Everybody’s posting articles right now about marketing predictions and strategies for marketing in 2023 – and that’s good! The new year is a great time to re-evaluate your approach and consider trying new things.
While trying new things is always welcome when it comes to marketing, we have found it is also important to stop doing old things that aren’t working for you. That’s why we put together this list of six marketing strategies that won’t work for financial advisors in 2023. (If you are doing any of the following things, don’t feel bad! So are a lot of advisors!)
1. Relying on Third-Party Data
If you’re counting on third-party advertising to reach your target audience, it’s time to start investing in another approach.
Google has been threatening to discontinue third-party cookies for well over a year now, and they’ve kicked the can down the road a few times. Currently, they say they’re definitely probably maybe going to do something possibly in 2024. We’ll just see about that.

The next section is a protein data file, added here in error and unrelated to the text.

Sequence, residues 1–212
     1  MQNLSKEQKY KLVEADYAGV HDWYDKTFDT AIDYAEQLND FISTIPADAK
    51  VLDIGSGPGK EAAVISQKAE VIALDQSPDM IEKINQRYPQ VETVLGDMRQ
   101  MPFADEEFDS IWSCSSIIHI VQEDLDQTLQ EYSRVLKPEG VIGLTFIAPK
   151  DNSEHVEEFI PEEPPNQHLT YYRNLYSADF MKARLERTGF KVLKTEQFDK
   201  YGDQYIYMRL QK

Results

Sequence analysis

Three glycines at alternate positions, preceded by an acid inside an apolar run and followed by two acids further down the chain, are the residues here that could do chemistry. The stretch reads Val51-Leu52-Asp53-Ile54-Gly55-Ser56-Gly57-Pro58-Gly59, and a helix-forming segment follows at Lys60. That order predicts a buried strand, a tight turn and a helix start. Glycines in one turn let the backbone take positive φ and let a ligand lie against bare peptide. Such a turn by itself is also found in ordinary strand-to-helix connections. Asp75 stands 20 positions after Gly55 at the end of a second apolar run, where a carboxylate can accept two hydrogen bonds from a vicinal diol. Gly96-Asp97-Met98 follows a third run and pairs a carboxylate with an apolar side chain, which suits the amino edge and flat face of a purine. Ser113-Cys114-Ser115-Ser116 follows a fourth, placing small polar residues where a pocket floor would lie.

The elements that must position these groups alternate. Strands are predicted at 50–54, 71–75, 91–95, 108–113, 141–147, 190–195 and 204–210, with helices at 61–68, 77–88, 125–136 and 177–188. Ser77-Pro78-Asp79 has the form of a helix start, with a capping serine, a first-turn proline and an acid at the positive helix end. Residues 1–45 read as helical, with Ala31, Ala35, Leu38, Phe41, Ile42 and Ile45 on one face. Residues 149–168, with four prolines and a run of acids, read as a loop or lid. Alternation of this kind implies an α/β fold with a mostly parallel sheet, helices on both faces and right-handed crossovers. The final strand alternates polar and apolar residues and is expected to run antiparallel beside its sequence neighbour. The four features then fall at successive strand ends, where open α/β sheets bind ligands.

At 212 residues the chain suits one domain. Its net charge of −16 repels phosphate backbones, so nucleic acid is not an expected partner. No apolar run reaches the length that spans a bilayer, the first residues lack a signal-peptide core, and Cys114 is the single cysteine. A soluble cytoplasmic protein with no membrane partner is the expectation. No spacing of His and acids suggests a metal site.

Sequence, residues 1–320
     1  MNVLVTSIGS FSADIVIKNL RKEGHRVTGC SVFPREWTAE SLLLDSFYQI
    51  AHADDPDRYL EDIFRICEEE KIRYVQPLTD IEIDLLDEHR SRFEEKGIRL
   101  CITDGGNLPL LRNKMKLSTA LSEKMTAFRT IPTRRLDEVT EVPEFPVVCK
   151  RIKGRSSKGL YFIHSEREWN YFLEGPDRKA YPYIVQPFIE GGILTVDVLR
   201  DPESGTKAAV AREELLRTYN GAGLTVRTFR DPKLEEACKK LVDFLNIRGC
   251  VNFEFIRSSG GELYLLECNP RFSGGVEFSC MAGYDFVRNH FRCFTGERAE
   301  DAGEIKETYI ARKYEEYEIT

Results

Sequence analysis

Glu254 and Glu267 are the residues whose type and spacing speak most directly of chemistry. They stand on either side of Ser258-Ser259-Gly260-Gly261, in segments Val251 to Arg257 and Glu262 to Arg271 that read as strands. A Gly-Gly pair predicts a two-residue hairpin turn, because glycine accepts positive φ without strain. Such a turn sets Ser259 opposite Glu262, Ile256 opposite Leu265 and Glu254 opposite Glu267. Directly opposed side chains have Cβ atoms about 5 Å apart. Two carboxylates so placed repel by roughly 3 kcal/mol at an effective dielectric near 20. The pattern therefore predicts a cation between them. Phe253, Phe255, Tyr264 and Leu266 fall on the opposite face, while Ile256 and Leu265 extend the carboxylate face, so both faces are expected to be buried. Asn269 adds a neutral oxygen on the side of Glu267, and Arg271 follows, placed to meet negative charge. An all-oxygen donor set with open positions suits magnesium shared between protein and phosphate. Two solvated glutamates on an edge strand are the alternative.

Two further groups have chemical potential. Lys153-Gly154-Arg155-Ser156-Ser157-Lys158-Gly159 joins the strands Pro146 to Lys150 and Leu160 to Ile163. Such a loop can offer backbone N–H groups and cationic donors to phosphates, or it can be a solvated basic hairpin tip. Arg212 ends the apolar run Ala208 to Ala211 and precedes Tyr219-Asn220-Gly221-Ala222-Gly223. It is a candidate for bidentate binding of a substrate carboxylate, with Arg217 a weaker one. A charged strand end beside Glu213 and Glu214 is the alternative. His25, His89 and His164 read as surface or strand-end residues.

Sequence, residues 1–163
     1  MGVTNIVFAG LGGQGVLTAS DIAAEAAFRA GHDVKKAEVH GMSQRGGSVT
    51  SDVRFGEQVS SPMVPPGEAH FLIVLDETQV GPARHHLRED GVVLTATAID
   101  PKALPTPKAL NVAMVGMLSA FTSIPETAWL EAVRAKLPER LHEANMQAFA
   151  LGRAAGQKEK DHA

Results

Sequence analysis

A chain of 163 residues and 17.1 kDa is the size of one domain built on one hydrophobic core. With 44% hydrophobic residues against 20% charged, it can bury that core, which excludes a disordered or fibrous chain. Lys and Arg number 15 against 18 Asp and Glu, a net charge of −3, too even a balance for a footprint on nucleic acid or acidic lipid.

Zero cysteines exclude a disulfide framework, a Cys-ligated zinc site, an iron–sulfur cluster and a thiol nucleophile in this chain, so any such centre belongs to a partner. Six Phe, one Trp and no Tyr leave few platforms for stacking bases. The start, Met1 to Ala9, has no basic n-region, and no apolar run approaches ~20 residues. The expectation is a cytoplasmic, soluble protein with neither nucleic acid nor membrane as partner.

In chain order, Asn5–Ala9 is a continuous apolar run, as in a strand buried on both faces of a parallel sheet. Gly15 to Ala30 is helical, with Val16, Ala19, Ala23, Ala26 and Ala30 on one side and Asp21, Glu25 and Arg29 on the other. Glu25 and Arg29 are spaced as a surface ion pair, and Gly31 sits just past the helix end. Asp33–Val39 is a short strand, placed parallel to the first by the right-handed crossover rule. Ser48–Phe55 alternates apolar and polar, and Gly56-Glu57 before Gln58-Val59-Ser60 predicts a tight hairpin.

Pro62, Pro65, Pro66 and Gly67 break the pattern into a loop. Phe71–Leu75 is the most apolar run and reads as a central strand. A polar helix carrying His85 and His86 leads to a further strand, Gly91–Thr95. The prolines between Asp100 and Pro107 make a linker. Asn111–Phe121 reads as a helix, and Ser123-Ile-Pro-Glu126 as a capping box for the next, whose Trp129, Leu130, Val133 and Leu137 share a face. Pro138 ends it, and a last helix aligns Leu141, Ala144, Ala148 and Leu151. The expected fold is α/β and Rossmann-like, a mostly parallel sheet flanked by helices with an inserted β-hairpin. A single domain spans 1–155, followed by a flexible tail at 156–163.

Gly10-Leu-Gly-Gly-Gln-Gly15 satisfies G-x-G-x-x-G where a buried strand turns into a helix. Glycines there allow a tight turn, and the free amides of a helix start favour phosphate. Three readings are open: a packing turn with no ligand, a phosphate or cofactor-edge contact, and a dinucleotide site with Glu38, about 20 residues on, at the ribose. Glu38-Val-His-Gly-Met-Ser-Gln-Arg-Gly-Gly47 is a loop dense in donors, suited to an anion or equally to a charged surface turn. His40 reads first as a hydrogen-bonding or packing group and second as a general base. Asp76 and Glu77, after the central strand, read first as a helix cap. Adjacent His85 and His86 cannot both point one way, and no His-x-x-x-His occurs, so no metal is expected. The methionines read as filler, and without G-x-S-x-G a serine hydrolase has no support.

Regardless of when Google finally crumbles cookies for good, their continued movement in that direction is a clear indicator of the way the internet is going: Away from third-party and toward first-party audiences, a.k.a., email lists and social media followers.
In other words, now is the time to be developing first-party connections with your audience. Build your list, cultivate your following, and stop relying on data providers to find your people for you.
2. Creating Content for the Sake of Creating Content
The internet is bursting with useless content. More than 2 million articles are published online every single day, and 91% of the internet gets literally zero traffic from Google.
With all that content out there, you might feel like there’s nothing new to say under the sun.
Well, you’re right.